Starbucks: A Technology Pioneer

Since 1971, Starbucks has been serving customers high-quality coffee with personalized service offered in an upscale yet inviting store atmosphere. During that time, the company has adjusted to changes in consumer lifestyles and behavior by offering single-serve coffee for home or office use, drive-through windows for convenience, and offering food items to complement its beverages. In the past decade, Starbucks has invested heavily in technology to enhance operations and improve the customer’s experience. Below are three noteworthy examples:

Mobile Order & Pay and Digital Loyalty Program


In December 2014, Starbucks released its Mobile Order & Pay, a smartphone-based application that enabled customers to do two things: (1) submit an order in advance via the app, and (2) pay using the app when picking up the order at the store.1 According to the company’s September 27, 2016 fiscal year-end filing, 25% of all sales were completed using Mobile Pay, up 20% from the previous year.2 Despite not being offered in all stores yet, Mobile Order accounted for 6% of fourth quarter sales, up from 5% in the preceding quarter.3 Operationally, Mobile Order & Pay is helping Starbucks accomplish the following three things:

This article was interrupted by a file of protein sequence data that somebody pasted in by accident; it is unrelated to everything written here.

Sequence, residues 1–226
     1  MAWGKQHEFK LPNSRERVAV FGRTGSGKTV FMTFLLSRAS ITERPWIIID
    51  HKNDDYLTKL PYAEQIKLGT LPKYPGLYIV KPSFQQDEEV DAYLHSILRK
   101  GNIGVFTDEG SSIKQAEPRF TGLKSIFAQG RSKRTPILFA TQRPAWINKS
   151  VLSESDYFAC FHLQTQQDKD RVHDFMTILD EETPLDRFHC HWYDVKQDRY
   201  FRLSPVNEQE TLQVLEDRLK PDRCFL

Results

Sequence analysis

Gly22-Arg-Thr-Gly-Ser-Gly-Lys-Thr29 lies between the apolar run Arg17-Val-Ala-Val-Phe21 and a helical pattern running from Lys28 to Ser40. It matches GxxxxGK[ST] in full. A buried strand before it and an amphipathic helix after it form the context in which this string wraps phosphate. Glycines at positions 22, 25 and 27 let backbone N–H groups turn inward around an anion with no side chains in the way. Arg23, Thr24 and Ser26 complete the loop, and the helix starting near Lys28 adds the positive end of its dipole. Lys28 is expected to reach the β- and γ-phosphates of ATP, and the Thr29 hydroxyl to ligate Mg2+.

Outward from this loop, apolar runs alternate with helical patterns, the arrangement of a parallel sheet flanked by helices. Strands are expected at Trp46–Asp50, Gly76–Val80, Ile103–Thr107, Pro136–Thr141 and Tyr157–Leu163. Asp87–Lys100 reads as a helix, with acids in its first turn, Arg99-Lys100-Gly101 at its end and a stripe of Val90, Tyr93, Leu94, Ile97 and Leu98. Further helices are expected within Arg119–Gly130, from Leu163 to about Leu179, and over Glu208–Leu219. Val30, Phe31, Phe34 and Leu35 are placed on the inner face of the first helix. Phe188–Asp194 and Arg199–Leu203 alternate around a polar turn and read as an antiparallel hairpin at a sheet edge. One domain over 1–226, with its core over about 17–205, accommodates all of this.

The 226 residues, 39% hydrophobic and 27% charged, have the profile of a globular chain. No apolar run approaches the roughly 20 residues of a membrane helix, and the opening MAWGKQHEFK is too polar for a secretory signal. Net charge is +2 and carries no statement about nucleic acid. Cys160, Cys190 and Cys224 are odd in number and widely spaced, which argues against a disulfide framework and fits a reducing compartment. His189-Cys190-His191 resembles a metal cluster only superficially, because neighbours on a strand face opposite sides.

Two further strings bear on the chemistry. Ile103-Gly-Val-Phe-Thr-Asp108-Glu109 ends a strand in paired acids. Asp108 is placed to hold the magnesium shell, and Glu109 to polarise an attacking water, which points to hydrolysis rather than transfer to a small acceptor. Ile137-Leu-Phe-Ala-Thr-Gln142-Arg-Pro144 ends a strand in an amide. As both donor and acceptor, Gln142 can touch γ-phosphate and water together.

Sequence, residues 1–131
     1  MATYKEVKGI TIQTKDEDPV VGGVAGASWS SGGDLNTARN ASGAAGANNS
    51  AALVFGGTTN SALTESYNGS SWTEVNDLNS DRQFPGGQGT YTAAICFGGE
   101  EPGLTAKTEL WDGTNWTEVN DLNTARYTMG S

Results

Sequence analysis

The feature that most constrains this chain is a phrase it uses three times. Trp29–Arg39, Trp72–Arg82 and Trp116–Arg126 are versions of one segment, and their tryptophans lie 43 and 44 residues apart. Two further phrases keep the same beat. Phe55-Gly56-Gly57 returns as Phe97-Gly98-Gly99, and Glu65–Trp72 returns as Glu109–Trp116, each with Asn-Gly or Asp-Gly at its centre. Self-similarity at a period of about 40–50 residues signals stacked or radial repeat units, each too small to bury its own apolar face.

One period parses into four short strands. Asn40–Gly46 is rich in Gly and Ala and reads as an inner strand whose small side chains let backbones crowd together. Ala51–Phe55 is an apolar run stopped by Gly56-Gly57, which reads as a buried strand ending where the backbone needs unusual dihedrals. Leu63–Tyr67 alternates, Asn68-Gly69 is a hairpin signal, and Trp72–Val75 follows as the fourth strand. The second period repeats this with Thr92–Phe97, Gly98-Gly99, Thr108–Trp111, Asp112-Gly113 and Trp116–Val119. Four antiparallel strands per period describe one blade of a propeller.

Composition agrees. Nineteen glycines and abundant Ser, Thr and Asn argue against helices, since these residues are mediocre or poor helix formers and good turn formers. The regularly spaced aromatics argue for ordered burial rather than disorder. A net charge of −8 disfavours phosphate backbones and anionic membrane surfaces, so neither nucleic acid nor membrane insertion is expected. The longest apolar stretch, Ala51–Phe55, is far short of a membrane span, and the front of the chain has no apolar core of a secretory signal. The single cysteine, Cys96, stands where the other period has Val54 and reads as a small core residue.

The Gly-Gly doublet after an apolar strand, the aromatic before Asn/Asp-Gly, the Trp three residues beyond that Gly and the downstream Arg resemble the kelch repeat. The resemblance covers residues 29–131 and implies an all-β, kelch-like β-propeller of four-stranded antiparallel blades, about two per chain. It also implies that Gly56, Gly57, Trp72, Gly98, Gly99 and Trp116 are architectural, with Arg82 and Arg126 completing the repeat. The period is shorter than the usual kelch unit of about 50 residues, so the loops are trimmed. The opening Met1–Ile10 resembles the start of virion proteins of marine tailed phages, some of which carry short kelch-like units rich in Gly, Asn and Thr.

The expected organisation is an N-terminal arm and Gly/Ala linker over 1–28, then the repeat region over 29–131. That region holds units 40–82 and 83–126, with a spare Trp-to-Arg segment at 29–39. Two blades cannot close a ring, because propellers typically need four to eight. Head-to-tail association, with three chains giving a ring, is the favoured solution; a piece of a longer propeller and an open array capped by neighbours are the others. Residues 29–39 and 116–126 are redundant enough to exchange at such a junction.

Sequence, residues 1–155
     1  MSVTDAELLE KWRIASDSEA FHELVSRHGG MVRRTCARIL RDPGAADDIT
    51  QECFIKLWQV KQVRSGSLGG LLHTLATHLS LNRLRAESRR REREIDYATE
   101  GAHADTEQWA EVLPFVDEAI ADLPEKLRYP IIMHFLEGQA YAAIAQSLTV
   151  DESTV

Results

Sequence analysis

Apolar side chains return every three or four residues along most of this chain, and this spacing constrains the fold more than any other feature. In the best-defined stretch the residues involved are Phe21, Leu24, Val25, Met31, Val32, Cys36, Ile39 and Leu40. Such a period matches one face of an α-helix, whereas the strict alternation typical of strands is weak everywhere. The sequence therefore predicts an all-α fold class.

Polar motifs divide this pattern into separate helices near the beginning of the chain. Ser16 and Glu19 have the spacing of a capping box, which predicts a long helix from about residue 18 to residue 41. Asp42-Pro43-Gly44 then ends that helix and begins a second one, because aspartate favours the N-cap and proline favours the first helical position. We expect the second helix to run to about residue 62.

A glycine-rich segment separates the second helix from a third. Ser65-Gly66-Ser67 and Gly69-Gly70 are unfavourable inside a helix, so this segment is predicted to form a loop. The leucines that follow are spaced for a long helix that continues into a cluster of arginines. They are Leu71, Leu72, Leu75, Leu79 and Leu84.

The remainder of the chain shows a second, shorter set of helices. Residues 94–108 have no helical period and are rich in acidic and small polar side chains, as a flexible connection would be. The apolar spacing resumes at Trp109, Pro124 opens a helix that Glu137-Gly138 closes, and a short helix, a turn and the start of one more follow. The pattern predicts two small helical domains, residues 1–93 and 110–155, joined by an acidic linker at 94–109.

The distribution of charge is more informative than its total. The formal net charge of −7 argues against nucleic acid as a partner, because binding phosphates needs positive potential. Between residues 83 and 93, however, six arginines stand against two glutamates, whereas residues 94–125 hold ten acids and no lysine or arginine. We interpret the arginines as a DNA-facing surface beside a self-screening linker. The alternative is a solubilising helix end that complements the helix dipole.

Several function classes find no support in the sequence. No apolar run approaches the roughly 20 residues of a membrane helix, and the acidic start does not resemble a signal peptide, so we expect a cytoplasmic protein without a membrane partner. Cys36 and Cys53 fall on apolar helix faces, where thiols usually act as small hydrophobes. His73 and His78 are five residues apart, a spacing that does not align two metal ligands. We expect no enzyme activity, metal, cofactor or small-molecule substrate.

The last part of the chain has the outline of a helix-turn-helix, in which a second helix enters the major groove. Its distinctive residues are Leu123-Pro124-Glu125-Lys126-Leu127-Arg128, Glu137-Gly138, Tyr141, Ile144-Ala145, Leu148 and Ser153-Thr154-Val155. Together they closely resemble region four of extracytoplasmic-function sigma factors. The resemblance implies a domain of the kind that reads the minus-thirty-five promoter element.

• Reduce the bottleneck—taking orders and processing payments
  • Smooth demand and increase employee utilization
  • Decrease customer wait times

Mobile Order & Pay was an evolution of Starbucks’ existing app, initially developed to migrate customers from its card-based loyalty program to a digital version. In addition to being the platform for Mobile Order & Pay, the digital loyalty program has enabled Starbucks to engage more directly with customers, for example, offering birthday rewards or promotional pricing during inclement weather or slower mid-day periods. Starbucks customers also earn loyalty “stars” when using services from technology-drive companies with which Starbucks has partnered, like Lyft and Spotify.4

My Starbucks Idea and Starbucks Digital Network